Going Gluten Free? A Guide to Gluten Free Flours
Many people think that going gluten-free means committing to a life of longing for your favorite gluten-containing treats, like bread, pancakes, and even the breading on your chicken; but it doesn’t have to be like that. With the rise in popularity of gluten-free diet and low carb diets, like keto, there’s an easy accessibility to gluten-free options for many foods.
As we mentioned in a previous blog post, “gluten-free” doesn’t always mean healthy. Some processed, pre-made gluten-free foods are still loaded with less-than-ideal ingredients, like soy fillers, sugar, and high fructose corn syrup. Whenever you’re looking for a gluten-free treat, it’s always best to make your own.
To make it a little easier for you, we’ve compiled a list of some of the most popular gluten-free flours out there. We’d venture to say that some of these flours make homemade gluten-free treats even better than their gluten-filled counterparts.
Almond flour, which is made by grinding almonds down into a fine dust, is one of the most popular gluten-free flours out there right now. Like almonds, almond flour is packed with protein, healthy fat, calcium, potassium, magnesium, and fiber. Because it’s so high in protein, though, you can’t substitute almond flour one for one with wheat flour. Almond flour is ideal for baked goods and breading things, like chicken or meatloaf.
Another big player in the gluten-free game is coconut flour. Coconut is unique because it contains a special type of saturated fat – called medium-chain triglycerides – that are actually used directly as energy instead of being stored by your body as fat. A study in the British Journal of Nutrition reports that coconut flour may also help stablize blood sugar levels and reduce the overall glycemic load (or the effect on your blood sugar) of the food it’s used in. Like almond flour, coconut flour cannot be substitute one for one with wheat flour, but the light fluffy flour is very versatile.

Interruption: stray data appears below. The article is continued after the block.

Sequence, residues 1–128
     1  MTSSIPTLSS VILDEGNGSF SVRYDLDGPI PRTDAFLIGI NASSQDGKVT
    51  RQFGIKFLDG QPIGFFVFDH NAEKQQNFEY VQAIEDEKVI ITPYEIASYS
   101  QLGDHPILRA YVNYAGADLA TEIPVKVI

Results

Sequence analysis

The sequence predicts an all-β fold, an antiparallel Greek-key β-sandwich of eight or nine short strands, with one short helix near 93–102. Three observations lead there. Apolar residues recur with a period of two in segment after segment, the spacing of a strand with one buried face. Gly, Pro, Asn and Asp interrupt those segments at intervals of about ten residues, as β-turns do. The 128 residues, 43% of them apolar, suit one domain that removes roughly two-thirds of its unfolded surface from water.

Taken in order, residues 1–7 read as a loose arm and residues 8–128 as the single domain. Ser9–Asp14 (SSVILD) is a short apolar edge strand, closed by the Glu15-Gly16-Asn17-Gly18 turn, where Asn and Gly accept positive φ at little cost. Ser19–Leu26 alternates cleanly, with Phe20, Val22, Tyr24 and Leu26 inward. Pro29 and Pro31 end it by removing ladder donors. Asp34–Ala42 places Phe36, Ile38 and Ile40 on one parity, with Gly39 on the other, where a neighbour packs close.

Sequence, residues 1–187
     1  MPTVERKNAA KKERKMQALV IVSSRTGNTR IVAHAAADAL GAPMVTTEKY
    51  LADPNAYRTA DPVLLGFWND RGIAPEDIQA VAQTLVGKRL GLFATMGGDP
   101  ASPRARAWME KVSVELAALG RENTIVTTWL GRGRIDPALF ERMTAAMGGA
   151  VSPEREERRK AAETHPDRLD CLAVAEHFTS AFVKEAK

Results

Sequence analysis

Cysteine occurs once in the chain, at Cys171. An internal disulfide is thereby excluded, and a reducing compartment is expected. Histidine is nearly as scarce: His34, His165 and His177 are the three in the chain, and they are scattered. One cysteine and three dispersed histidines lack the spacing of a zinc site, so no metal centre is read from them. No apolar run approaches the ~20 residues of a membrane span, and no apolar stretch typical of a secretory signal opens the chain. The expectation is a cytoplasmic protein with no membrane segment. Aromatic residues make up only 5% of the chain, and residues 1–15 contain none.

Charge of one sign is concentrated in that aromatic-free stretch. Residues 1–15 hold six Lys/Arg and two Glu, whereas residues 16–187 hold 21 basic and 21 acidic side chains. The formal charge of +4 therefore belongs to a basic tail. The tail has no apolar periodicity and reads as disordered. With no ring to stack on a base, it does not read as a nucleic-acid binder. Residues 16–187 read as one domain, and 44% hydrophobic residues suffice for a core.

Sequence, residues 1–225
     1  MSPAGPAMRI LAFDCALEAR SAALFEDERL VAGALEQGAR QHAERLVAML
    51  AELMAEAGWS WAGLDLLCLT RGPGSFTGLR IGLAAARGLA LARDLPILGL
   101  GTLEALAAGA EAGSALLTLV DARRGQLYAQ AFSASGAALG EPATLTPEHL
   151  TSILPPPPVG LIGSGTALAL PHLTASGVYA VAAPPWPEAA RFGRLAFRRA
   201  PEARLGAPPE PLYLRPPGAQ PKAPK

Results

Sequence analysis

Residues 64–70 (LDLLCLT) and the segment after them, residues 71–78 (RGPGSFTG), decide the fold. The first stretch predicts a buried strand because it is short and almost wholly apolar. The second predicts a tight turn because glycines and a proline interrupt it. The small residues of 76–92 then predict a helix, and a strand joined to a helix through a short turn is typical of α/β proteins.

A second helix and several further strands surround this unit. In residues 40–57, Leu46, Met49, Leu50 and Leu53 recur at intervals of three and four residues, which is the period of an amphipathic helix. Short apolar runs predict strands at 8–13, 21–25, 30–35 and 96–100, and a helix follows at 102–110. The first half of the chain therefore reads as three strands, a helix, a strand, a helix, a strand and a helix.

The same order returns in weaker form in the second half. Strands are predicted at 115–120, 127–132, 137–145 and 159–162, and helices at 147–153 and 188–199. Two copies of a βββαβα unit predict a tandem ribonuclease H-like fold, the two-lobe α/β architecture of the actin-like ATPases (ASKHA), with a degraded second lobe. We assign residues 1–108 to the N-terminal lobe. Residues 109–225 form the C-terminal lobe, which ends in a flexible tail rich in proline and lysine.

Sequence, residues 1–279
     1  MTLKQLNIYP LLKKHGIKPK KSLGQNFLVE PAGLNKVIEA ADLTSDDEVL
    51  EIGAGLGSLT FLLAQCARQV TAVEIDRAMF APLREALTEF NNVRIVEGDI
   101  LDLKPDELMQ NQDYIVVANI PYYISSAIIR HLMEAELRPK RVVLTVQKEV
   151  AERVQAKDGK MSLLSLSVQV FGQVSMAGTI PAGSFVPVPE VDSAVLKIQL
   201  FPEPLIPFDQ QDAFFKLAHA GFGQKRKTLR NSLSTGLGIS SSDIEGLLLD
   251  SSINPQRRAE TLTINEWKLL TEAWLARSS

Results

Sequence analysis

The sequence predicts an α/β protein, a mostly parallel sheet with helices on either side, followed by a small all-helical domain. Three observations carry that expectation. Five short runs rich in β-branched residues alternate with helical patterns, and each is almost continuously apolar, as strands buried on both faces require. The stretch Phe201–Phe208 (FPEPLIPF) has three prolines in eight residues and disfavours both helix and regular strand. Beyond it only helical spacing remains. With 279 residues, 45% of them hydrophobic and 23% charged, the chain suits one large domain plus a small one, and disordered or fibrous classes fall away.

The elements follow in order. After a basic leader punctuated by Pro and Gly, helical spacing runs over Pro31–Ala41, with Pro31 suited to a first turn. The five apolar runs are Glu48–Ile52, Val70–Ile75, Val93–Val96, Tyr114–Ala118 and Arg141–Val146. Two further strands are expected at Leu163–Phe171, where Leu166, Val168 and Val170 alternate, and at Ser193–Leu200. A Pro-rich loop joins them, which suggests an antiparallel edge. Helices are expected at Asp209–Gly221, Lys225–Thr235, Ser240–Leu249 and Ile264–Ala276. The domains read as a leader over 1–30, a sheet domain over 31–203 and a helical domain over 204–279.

Rice flour is a key ingredient in many gluten-free baked goods. It’s bland, so it works well with just about any flavor, and it has a light texture that’s suitable for baking cakes and other temperamental baked goods. It’s also a good option for thickening soups or sauces without the gluten.
Tapioca comes from the root of the cassava plant. It has a light, starchy flavor that gives baked goods a nice texture and “chew”. It’s common to see tapioca flour in combination with other gluten-free flours in gluten-free baking. Tapioca flour is also an excellent thickener. Like rice flour, you can use a tablespoon or two in place of wheat flour when you need to thicken a soup or sauce.
Gluten-Free All Purpose Baking Flour
Some companies make a gluten-free all-purpose flour that’s usually a mixture of several different types of flours, like chickpea flour, rice flour, and tapioca flour. These all-purpose flours may also have added starches and gums, like xanthum gum and guar gum to help mimic the properties of regular all-purpose flour. Many of these “ready-to-go” flours will have instructions for how to substitute them for wheat flour in recipes.
Unless you’re a gluten-free pro, we always recommend finding a gluten-free recipe to use these flours in. It takes the guesswork out and ensures that your final product comes out right. If you feel confident in your ability to adapt a recipe to make it gluten-free, you can certainly use one of these flours or a combination of these flours in place of all-purpose flour in any recipe. It may take some thinking – and maybe even some experimentation. There are several charts available online to help you figure out the conversions. Some flours even have conversion instructions listed on the back.
To get you started, try one of our favorite gluten-free pancake recipes.
Have you done any gluten-free baking or tried any of these gluten-free flours? Share your experience or your favorite recipe with us!
By Jodi Jaffe
May 3, 2019